Defendant continued the disciplinary hearing for a violation of prison rules while the charges were pending. If he was found in violation of the rules, that would affect various privileges and make it more difficult to be paroled. However, the parole hearing would not take place for nine years, and defendant did not expect to be paroled at the first hearing. Defendant believed the consequences of snitching would be much worse; he feared for his safety in prison.

Defendant's cellmate was transferred to another facility after defendant's arrest. Defendant "never had the opportunity" to deny ownership of the marijuana once his cellmate left the prison, and in any event, he would not do that because "[t]elling is telling." The person who would come after him for telling would not necessarily be the person who was "snitch[ed] on." Defendant testified that he had used marijuana in the past but had never been caught.

The jury found defendant guilty as charged. The court sentenced defendant to two years in state prison. Defendant filed a timely notice of appeal.


Defendant challenges the trial court's admission at trial of the urinalysis test. According to defendant, the court abused its discretion because the evidence constituted improper character evidence and was unduly prejudicial.


At the motion in limine hearing, defense counsel objected to the admission of the urinalysis evidence under Evidence Code section 1101, as improper character evidence. Defense counsel noted that no quantitative analysis was performed, proving only that defendant and his cellmate ingested marijuana, not that they possessed the marijuana on the cart.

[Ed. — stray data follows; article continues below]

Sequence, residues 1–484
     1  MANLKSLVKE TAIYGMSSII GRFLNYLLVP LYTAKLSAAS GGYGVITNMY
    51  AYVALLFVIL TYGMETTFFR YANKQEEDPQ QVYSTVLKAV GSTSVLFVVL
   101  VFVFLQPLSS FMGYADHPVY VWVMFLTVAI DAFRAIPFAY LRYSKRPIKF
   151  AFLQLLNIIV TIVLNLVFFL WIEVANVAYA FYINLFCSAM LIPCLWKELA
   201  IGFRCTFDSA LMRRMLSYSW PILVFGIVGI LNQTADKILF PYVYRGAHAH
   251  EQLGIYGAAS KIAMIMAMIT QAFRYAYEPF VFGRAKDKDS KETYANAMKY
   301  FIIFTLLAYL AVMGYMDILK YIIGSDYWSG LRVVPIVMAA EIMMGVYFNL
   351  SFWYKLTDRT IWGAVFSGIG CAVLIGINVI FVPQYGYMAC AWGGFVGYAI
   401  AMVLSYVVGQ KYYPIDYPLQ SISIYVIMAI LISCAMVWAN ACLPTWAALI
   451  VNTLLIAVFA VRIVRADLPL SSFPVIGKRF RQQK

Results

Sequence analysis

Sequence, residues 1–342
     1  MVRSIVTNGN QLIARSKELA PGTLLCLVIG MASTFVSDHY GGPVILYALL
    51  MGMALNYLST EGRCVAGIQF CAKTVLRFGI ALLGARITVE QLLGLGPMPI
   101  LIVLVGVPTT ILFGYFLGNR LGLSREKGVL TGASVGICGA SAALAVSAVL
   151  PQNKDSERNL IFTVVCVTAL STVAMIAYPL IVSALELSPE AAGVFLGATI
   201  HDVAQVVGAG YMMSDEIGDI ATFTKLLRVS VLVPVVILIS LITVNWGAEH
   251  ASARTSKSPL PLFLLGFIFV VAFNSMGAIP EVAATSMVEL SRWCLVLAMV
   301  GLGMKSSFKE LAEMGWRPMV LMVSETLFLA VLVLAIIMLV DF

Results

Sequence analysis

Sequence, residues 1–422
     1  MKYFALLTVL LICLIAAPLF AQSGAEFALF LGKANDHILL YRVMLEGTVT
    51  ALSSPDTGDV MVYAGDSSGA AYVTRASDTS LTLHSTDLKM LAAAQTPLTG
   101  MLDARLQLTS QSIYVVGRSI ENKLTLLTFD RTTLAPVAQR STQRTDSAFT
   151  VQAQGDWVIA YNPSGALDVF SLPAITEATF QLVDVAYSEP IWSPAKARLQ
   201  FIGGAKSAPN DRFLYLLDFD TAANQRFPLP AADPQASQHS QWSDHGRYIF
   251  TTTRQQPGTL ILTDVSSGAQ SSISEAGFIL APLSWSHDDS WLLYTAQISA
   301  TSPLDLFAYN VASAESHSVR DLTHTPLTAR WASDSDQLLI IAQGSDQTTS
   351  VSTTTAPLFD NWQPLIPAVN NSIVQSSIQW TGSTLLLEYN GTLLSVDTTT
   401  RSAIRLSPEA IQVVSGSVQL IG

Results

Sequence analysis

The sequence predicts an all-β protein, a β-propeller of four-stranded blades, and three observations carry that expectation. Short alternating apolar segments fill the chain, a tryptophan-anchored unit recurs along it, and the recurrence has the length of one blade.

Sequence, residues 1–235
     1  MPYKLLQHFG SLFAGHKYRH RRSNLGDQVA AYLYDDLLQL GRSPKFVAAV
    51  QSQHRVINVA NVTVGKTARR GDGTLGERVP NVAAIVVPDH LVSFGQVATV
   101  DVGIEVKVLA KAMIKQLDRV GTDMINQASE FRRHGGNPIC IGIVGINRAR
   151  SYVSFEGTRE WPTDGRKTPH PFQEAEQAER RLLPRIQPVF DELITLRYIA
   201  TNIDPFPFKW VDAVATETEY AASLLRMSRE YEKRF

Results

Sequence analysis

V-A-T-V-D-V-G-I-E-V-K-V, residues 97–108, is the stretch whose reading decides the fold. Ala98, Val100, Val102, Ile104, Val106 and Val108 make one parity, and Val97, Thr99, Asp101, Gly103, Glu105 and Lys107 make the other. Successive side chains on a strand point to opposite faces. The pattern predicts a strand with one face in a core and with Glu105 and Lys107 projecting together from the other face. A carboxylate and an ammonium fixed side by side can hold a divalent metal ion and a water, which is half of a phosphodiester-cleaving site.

The prosecution offered the evidence as circumstantial evidence of possession and of defendant's knowledge of the presence of the substance. The prosecution theorized that the evidence also benefitted the defense because it revealed that defendant's cellmate also tested positive. Defense counsel objected to the use of the urinalysis results to show knowledge but offered to stipulate that defendant was familiar with marijuana.

The court requested, and the parties provided, a stipulation that the tests revealed the presence of a metabolite of marijuana. The court allowed the evidence for the limited purpose of its relevance to possession and not for showing defendant had a predisposition to commit the crime. The trial court noted the evidence could be viewed as character evidence, but found the test results were relevant and material to the case. In addition, the court found that a jury instruction informing the jurors the evidence could only be used to determine possession would be appropriate.

During its deliberations, the jury sent the court a note stating, in part: "We, the jury in the above entitled action, request the following: [¶] 1.) A clarification of item #2 of page 22 as to the specific time that the sta[t]ement applies. Substance's presence in the cart at time of search or substance presence at any time that day on August 4th, 2010, or at any time at all."